Hering called the Sulphur patient “the ragged philosopher.”

The Sulphur scholar, the inventor, works day and night in threadbare clothes and battered hat; he has long, uncut hair and a dirty face; his study is uncleanly, it is untidy; books and leaves of books are piled up indiscriminately; there is no order. It seems that Sulfur produces this state of disorder, a state of untidiness, a state of uncleanness, a state of “care how things go,” and a state of selfishness.

He becomes a false philosopher and the more he goes on in this state the more he is disappointed because the world does not consider him the greatest man on earth. Old inventors work and work, and fail.

The complaints that arise in this kind of case, even the acute complaints, will run to Sulphur. You take such a patient and you will notice that he has on a shirt that he has worn many weeks; if he has not a wife to attend to him, he would wear his shirt until it fell off from him.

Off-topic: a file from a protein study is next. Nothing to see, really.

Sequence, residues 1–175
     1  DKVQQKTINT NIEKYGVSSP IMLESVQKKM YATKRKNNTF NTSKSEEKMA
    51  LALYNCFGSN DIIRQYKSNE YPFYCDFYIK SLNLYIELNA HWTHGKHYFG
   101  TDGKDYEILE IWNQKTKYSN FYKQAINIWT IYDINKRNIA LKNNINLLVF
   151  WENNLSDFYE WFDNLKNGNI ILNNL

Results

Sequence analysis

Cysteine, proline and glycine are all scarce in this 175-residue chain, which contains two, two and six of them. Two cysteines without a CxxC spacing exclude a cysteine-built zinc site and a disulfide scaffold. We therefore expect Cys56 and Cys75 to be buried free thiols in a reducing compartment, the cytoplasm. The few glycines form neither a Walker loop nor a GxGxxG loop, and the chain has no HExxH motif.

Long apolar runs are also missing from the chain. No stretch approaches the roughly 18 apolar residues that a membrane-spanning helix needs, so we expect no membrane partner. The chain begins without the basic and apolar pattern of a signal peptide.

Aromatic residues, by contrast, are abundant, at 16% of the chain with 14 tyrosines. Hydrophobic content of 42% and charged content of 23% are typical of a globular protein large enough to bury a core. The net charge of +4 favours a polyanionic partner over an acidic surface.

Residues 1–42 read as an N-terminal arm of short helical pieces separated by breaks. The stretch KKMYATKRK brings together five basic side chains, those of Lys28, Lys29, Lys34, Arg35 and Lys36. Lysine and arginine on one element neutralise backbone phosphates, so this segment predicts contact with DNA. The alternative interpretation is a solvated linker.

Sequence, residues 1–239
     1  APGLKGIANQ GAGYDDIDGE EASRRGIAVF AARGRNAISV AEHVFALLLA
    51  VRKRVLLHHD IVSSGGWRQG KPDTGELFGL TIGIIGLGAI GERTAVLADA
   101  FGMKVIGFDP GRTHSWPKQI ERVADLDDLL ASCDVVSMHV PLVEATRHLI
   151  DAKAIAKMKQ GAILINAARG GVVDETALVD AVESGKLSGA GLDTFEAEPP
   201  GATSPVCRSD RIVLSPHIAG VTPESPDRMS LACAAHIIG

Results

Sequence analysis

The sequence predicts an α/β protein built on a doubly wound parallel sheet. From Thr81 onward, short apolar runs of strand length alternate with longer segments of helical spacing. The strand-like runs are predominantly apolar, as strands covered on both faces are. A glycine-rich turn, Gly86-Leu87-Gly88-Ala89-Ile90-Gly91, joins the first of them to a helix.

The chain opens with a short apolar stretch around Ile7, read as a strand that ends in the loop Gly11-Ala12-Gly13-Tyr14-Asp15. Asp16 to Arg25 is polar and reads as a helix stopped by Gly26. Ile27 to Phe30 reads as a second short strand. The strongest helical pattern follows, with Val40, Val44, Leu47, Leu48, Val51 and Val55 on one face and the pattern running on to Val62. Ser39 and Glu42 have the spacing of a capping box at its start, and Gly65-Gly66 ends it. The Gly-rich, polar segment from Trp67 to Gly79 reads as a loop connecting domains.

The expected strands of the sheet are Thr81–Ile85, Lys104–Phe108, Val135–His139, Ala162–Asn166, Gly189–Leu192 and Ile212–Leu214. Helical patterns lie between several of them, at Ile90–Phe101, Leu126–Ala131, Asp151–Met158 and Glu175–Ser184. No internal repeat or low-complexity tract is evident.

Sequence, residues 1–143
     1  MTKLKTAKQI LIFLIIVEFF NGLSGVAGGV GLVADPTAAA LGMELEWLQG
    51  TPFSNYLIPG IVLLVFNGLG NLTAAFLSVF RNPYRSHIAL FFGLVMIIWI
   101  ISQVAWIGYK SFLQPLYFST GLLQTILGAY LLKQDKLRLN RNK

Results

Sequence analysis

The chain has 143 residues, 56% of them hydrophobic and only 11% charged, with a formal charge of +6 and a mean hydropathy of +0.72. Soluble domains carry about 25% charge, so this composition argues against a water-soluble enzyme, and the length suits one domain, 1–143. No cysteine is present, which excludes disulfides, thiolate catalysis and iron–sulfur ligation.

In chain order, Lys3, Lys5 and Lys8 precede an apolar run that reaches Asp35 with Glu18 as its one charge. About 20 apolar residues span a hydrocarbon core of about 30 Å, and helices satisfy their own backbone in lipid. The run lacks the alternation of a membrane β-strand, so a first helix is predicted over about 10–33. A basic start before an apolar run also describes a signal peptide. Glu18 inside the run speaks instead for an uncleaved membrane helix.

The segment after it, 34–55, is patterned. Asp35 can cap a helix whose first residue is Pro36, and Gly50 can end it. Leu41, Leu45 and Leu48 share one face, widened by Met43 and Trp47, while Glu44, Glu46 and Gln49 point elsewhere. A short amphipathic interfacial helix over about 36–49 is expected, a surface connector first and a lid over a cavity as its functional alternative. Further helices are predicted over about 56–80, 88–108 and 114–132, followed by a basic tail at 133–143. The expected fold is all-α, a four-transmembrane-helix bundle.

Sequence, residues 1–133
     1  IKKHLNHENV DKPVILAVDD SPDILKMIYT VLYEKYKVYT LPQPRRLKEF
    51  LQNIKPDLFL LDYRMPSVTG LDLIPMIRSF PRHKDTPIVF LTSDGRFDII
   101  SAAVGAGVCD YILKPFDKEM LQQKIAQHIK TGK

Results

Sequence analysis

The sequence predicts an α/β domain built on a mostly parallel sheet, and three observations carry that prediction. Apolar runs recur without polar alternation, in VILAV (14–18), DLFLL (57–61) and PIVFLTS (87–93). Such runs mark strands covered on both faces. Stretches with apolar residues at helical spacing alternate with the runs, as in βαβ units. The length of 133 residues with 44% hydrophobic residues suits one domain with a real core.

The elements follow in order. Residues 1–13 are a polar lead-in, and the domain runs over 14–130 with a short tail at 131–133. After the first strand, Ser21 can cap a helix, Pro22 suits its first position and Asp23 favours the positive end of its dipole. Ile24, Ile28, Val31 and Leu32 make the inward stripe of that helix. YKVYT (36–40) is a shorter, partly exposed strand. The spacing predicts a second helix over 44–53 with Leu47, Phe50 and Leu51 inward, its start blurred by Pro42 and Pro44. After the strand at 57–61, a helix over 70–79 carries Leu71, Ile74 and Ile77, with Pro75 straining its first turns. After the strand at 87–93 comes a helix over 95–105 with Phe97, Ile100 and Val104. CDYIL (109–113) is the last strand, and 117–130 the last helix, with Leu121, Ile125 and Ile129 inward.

Cleanliness is not a great idea with the Sulphur patient; he thinks it is not necessary. He is dirty; he does not see the necessity of putting on a clean collar and cuffs and a clean shirt; it does not worry him. Sulphur is seldom indicated in cleanly people, but it is commonly indicated in those who are not disturbed by uncleanliness.

Odor: When attending the public clinic I have many times noticed that after Sulphur an individual begins to take notice of himself and puts on a clean shirt, whereas his earlier appearances were in the one same old shirt. And it is astonishing how the Sulphur patients, especially the little ones, can get their clothing dirty so fast.

Children have the most astonishing tendency to be filthy. Mothers tell you of the filthy things that little ones will do if they be Sulphur patients. The child is subject to catarrhal discharges from the nose, the eyes and from other parts, and he often eats the discharge from the nose. Now, that is peculiar, because offensive odors are the things that the Sulphur patient loathes. He is oversensitive to filthy odors, but filthy substances themselves he will eat and swallow. He becomes nauseated even from the odor of his own body and of his own breath.